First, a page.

I have been posting these BUYING SPY options trades for three days now, Friday, Monday and Today, buying against the common wisdom that buying options is essentially a fool’s game.
Friday and Monday were “call” days, today was a put day. These are the weekly in-the-money options expiring each Friday. Each buy signal is a $5000 buy-in with up to five trades a day for no more in on any day than $25,000 at once (there were only four signals today). These are all day trades, which is the point.
As I proposed in the link: SPY options are ideal for day trading — very liquid across multiple strikes, tight spreads, hardly any time decay on a trade for only a day, a stop-loss is close by and immediate, and the profits, if there is trend for the day, can be substantial, even rather astounding.
I suppose “astounding” is a relative term and every person defines it differently but…
This is how I’m defining it today — these trades in these three days are now up a shade more than 100%.
That’s largely thanks to the “astounding” 80% move on last Friday’s expiring call. And I suppose the last two days for 12% each are more typical.
But there’s more to this if one takes a look inside the trade (without going crazy — easy to do…). For instance, today first three signals were up $8000 at their peak and there was a possible and reasonable sell at up $6000 as opposed to the mechanical close at $2450. There were moments like that every one of the days. Options after all as volatile trading products. Could have been much more than 100% on any one of them…and of course there buying out-of-the-money instead of in-the-money for more bang for the buck but this is when option trading begins to go insane so I’ll just quit talking about the might-have-beens. The what-is remains north of 100% in three days.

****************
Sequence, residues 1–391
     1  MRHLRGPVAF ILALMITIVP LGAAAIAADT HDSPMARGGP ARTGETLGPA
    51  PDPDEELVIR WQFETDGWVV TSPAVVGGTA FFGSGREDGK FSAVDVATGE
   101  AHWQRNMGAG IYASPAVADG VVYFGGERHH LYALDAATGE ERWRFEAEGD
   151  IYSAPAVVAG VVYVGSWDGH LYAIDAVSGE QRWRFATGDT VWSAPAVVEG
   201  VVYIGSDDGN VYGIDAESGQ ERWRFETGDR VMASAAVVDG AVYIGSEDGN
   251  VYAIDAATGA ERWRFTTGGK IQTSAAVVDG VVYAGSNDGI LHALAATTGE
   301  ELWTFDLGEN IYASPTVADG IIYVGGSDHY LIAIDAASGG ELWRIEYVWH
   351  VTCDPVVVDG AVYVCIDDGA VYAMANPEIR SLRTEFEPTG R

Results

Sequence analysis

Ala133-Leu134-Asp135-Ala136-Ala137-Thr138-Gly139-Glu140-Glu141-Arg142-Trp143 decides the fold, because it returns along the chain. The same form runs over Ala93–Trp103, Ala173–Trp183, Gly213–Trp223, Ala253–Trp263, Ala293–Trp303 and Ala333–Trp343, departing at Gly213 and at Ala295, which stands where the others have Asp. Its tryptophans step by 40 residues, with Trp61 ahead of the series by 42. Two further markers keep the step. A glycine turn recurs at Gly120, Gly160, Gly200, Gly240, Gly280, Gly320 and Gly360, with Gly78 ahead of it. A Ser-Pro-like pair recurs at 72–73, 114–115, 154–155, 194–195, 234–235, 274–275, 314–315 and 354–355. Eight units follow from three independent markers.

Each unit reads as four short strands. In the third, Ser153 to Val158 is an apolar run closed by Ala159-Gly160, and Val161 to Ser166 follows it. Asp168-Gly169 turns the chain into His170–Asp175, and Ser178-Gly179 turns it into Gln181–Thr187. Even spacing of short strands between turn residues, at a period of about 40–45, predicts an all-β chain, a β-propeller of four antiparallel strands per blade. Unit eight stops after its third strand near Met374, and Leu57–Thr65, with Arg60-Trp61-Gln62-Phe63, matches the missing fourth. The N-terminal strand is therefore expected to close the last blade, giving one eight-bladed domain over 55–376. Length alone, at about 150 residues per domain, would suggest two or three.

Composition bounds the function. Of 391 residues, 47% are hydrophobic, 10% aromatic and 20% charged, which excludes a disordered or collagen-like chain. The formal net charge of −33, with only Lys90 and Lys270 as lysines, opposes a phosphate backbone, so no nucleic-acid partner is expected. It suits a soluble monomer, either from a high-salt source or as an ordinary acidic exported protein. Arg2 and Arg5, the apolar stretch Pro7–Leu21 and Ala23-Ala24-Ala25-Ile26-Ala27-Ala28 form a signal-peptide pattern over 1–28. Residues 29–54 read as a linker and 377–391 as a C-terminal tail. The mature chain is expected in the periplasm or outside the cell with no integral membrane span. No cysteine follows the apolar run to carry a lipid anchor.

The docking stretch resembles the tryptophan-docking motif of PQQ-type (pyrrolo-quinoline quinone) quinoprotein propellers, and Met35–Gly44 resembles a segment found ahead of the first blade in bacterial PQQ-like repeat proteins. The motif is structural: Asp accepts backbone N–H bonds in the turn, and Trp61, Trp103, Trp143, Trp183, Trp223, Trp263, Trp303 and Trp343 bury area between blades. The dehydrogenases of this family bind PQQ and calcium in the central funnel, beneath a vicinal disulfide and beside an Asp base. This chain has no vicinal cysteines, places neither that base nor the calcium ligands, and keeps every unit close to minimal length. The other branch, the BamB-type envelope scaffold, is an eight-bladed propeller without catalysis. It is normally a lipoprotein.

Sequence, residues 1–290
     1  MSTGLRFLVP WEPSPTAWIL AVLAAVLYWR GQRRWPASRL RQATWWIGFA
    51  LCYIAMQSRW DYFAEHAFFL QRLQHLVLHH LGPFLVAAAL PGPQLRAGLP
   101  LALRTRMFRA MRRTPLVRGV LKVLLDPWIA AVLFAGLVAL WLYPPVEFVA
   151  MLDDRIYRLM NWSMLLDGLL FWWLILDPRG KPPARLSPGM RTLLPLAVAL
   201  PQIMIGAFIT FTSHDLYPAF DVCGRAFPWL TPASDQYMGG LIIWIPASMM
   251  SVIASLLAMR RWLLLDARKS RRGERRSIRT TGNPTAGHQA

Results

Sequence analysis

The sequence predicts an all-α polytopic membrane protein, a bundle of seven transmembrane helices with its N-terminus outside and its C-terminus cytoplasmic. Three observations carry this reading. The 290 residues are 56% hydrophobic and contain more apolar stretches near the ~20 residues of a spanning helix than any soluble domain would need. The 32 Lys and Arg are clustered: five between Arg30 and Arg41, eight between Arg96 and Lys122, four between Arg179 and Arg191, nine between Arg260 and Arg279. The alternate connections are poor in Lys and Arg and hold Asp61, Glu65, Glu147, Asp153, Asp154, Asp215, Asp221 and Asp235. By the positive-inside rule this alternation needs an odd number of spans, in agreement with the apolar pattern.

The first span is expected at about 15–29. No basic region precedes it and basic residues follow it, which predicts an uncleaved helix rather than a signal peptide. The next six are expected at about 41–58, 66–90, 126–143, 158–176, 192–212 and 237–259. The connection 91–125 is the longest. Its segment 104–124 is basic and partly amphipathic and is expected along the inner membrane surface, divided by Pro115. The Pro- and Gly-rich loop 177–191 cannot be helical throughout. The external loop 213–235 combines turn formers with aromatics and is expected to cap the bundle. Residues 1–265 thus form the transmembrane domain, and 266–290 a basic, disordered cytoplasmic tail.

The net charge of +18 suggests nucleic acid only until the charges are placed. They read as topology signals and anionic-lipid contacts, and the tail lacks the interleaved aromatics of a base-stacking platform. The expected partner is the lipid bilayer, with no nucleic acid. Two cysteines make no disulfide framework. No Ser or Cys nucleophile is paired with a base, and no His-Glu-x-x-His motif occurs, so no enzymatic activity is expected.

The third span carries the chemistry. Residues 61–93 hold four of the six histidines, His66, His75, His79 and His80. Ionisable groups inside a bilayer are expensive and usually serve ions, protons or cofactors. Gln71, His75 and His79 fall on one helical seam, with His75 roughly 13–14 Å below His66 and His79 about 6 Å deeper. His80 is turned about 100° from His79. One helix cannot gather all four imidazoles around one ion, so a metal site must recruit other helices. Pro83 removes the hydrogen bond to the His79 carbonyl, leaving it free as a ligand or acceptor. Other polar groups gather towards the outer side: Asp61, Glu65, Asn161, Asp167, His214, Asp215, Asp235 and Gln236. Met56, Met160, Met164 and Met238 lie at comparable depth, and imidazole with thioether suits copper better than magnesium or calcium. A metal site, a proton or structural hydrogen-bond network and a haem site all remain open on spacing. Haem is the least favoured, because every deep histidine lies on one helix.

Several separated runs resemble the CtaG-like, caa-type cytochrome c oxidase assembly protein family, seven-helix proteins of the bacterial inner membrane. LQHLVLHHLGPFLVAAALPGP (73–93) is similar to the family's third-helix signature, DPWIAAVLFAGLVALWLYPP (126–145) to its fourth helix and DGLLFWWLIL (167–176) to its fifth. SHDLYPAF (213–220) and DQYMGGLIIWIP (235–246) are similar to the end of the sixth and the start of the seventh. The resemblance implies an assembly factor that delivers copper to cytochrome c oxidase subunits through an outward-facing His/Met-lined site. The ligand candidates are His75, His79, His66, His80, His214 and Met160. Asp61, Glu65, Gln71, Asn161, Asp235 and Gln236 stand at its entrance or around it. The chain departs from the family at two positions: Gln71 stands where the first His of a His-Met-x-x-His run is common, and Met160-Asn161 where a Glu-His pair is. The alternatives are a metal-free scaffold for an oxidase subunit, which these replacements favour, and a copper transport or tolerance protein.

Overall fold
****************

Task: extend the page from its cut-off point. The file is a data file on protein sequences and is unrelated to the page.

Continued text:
As I’ve said in the links above the key is any entry signal with which a trader is comfortable (see the chart below or those in the links above).
By the way, I’ve had discussions on a couple of forums in which it has been suggested that ES futures would be a more efficient and much better way to take these day trades, give the futures’ liquidity, tight spreads and lack of time decay. While that seems logical and even appears to be obvious, as far as day trading goes that is, so far, simply not true. ES futures have under-performed the weekly SPY options on these day trades. For one example the SPY Puts today netted 12% while the ES futures, at an equal level of commitment using day-trading margin, were flat on the same signals.
A REMINDER: These posts are solely for entertainment purposes. They are a journal of my thoughts on the market and should not be construed in any way as direct or indirect investment or trading advice.